As marijuana use becomes more common across the country, and more
jurisdictions legalize the recreational use of cannabis, the inherent dangers of the
drugs are too often minimized.
And studies have shown that it’s especially dangerous to younger users.
Marijuana hazards for example, heavy use of high-potency marijuana during adolescence up to the
age of about 30 has been associated with creating or worsening such mental
health problems such as anxiety, depression, psychosis, and suicidal ideation, as well
as being 2.76 times more likely to initiate opioid use.
One 2021 study found that heavy marijuana use among teens and young adults
with pre-existing mood disorders was linked to an increased risk of self-harm,
suicide attempts, and death.
Other serious side effects have been reported in younger users, especially in
Colorado and Washington, where recreational use was first legalized. In 2015,
Children’s Hospital Colorado in Denver reported 777 cases of cyclic vomiting,
paranoia, psychosis, and other acute reactions among their emergency cases.
Now another new study has been added to the list of the negative effects of marijuana.
Released last month in the journal BMJ Open Respiratory Research, the study
found that—compared with people who did not use marijuana—cannabis users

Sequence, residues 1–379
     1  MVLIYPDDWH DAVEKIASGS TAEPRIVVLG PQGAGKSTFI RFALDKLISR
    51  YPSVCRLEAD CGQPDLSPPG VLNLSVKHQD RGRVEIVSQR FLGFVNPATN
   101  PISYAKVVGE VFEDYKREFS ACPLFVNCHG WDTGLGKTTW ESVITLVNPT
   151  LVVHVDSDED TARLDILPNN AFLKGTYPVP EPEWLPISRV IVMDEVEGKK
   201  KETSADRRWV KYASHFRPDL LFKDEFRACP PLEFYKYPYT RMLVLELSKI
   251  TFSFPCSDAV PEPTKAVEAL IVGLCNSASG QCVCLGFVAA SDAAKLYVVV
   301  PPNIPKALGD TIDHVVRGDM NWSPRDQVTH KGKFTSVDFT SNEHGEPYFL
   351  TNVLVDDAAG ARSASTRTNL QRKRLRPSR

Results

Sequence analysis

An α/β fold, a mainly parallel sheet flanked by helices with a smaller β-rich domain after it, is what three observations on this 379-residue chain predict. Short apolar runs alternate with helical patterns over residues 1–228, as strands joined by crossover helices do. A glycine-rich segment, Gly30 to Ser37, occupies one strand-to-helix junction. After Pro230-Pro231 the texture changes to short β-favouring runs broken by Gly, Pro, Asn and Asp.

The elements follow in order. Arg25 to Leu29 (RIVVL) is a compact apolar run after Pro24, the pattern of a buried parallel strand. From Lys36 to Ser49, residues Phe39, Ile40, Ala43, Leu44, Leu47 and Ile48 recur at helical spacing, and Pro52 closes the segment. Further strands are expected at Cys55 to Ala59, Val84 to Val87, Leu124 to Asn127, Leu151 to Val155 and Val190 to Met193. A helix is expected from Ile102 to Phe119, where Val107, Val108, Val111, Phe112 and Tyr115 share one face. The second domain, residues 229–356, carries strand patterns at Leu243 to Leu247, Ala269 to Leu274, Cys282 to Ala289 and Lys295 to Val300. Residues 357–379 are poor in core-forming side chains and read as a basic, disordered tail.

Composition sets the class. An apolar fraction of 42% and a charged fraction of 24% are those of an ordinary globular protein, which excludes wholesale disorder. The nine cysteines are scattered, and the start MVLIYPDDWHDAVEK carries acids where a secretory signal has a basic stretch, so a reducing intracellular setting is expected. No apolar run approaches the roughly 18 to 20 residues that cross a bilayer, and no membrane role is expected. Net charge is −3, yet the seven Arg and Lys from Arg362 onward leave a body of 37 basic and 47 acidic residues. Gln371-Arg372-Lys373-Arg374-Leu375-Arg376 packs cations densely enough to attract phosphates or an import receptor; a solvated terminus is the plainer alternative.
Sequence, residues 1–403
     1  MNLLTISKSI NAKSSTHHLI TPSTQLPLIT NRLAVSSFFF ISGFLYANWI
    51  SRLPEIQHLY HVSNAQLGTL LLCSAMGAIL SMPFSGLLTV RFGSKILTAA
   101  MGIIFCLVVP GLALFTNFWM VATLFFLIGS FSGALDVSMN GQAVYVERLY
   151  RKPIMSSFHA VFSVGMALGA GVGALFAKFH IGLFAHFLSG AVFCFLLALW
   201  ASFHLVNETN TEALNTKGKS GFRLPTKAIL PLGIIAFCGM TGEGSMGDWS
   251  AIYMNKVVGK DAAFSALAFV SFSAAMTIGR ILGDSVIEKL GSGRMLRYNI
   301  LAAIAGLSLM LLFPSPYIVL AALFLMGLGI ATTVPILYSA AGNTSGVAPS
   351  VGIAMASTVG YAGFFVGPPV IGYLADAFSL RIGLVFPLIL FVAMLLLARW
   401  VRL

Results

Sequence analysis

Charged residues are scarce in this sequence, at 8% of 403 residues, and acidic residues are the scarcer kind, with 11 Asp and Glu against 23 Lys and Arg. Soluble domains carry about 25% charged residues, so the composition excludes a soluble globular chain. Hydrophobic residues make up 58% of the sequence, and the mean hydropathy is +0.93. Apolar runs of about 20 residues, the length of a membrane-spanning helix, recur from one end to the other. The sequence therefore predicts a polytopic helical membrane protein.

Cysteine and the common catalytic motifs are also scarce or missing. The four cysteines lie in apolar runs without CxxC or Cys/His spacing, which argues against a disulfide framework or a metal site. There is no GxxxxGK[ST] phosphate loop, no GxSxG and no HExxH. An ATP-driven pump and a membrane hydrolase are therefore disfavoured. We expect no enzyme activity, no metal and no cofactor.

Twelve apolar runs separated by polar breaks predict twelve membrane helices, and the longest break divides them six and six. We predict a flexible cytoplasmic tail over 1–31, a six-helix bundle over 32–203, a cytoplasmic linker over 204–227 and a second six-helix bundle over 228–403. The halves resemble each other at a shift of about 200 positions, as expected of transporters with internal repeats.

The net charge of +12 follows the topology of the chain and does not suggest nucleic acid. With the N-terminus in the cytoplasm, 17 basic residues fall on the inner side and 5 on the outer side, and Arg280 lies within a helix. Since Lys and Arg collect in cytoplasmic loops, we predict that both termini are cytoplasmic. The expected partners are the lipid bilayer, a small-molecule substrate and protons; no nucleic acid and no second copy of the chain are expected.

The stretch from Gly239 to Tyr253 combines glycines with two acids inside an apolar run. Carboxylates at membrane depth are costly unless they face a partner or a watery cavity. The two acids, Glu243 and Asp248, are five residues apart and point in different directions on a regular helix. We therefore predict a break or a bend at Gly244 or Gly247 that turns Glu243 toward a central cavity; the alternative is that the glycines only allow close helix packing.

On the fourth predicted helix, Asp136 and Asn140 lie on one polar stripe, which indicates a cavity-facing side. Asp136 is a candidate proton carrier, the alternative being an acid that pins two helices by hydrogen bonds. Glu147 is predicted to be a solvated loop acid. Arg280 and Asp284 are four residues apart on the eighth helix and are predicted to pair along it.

were 22 percent more likely to visit an emergency department or be hospitalized.
“Cannabis use is not as benign and safe as some might think,” lead study author
Nicholas Vozoris told CNN in an email.
Vozoris, assistant professor and clinician investigator in the division of
respirology at the department of medicine at the University of Toronto led a team
of researchers who examined national health records data for over 30,000
Ontario, Canada, residents between the ages of 12 and 65 over a six-year
The results held true even after adjusting for over 30 other possible contributing
factors such as illicit drug use, alcohol use, and tobacco smoking.
Dangerous to teens
According to the Centers for Disease Control and Prevention (CDC), “Unlike
adults, the teen brain is actively developing and often will not be fully developed
until the mid-20s. Marijuana use during this period may harm the developing teen
And the younger they are when they begin the use of any drug—including alcohol
and nicotine—the more likely they are to become addicted. Teens are also more
likely to abuse drugs because of their inherent tendency toward risk-taking.
So if your child tells you that marijuana isn’t harmful, be prepared with the facts.